Department of Homeland Security secretary Alejandro Mayorkas revealed that only three percent of the over 60,000 Afghan evacuees brought to the United States following the end of the war in Afghanistan have been special immigrant visa recipients.
“Approximately 6 percent have been lawful permanent residents. Approximately 3 percent have been individuals who are in receipt of the special immigrant visas,” Mayorkas said during congressional testimony Tuesday.
Mayorkas also said that about 7 percent of those evacuated from Afghanistan were American citizens, while also noting that some of those who were not SIV holders could qualify for the visa but have not yet applied.
Typical SIV holders are those who worked for the American military as interpreters during the 20 year U.S. war in the country, placing them in danger of retribution from the Taliban.
Roughly 18,000 to 20,000 Afghans who worked with the U.S. military during the war have applied for the visas, a notoriously slow process that threatened to leave many American allies behind in the country. The number of those looking to leave the country under the program swells to at least 70,000 people when family members of the applicants are included in the tally.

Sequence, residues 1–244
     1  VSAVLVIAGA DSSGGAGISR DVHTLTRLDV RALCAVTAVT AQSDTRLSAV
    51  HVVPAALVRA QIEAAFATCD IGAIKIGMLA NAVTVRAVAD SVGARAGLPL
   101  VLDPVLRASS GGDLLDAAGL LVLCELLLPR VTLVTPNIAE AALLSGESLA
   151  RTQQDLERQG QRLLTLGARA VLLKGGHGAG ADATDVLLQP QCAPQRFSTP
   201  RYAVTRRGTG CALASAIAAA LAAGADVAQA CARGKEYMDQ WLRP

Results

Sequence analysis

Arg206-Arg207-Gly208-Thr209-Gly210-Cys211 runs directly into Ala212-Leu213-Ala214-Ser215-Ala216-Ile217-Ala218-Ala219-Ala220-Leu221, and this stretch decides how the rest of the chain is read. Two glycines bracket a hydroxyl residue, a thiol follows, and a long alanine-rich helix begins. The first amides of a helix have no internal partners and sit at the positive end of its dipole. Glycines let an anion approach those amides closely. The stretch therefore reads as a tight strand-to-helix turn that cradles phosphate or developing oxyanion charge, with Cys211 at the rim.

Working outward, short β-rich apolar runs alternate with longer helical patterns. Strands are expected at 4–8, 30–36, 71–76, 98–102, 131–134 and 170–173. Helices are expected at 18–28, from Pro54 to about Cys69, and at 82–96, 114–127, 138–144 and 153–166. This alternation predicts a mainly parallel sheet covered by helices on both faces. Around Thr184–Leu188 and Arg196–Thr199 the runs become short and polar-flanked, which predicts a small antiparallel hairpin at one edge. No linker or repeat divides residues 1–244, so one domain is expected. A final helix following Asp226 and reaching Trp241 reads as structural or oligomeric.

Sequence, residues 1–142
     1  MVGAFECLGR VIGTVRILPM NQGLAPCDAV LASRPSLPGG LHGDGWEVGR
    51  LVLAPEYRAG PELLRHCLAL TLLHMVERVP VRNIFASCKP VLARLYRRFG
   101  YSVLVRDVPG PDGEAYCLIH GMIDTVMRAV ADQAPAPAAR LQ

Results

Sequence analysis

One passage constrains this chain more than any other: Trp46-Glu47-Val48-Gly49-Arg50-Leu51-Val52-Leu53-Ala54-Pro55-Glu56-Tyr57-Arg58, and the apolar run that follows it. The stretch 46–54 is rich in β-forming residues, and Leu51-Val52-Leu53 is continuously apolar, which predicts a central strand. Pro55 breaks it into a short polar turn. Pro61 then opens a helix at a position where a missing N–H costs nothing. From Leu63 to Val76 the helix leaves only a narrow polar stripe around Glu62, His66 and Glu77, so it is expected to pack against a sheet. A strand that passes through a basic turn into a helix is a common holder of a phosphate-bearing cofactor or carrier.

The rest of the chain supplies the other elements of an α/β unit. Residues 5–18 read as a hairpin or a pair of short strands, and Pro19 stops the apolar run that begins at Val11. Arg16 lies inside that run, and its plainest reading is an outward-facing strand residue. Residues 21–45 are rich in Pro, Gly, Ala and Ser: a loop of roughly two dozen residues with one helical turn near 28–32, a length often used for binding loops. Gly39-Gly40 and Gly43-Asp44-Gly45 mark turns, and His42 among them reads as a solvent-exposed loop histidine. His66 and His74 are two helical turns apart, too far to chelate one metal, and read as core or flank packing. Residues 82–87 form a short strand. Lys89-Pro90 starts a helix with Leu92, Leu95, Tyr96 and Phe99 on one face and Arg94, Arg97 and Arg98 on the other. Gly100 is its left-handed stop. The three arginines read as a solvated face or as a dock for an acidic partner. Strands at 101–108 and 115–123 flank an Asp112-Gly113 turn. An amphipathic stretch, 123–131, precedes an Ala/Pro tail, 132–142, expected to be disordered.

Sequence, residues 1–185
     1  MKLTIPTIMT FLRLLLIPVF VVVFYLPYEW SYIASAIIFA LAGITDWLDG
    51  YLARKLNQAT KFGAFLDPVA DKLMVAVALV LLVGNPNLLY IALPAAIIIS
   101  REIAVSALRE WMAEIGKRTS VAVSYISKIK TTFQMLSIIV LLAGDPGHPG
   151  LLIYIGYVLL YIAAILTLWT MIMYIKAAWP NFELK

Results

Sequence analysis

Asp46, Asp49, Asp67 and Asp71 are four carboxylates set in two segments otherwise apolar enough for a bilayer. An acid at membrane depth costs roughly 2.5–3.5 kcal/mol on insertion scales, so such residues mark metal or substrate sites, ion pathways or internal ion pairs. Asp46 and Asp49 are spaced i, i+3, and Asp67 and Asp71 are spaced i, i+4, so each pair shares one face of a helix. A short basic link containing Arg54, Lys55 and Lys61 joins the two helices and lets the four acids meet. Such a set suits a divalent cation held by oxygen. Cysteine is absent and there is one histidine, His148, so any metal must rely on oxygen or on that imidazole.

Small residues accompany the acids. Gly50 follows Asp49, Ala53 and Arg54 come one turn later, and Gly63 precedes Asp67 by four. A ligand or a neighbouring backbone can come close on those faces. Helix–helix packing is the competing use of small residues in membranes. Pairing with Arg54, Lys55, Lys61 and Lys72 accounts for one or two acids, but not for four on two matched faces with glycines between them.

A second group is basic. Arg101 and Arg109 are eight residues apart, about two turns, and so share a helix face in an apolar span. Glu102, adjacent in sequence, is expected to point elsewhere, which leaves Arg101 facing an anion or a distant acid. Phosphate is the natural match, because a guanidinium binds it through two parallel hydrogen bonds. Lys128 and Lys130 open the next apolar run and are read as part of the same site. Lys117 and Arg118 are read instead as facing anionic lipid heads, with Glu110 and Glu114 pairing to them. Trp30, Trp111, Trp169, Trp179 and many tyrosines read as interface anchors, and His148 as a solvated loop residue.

The comments came on the same day Mayorkas had a heated exchange with Sen. Ron Johnson over the situation at the southern border.
Of the 1.3 million people that we’ve apprehended, how many have been returned, how many people are being detained, and how many people have been dispersed? And I want some numbers here,” Johnson asked Mayorkas while pressing him on whether the administration had an open border policy.
“Senator, I would be pleased to provide you with that data — ” Mayorkas replied before being cut off by Johnson.
“I want them now,” Johnson shot back. “Why don’t you have that information now?”
“Senator, I do not have that data before me,” Mayorkas said.
“Why not? Why don’t you have that basic information?” the senator responded.
“Senator, I want to be accurate,” Mayorkas said.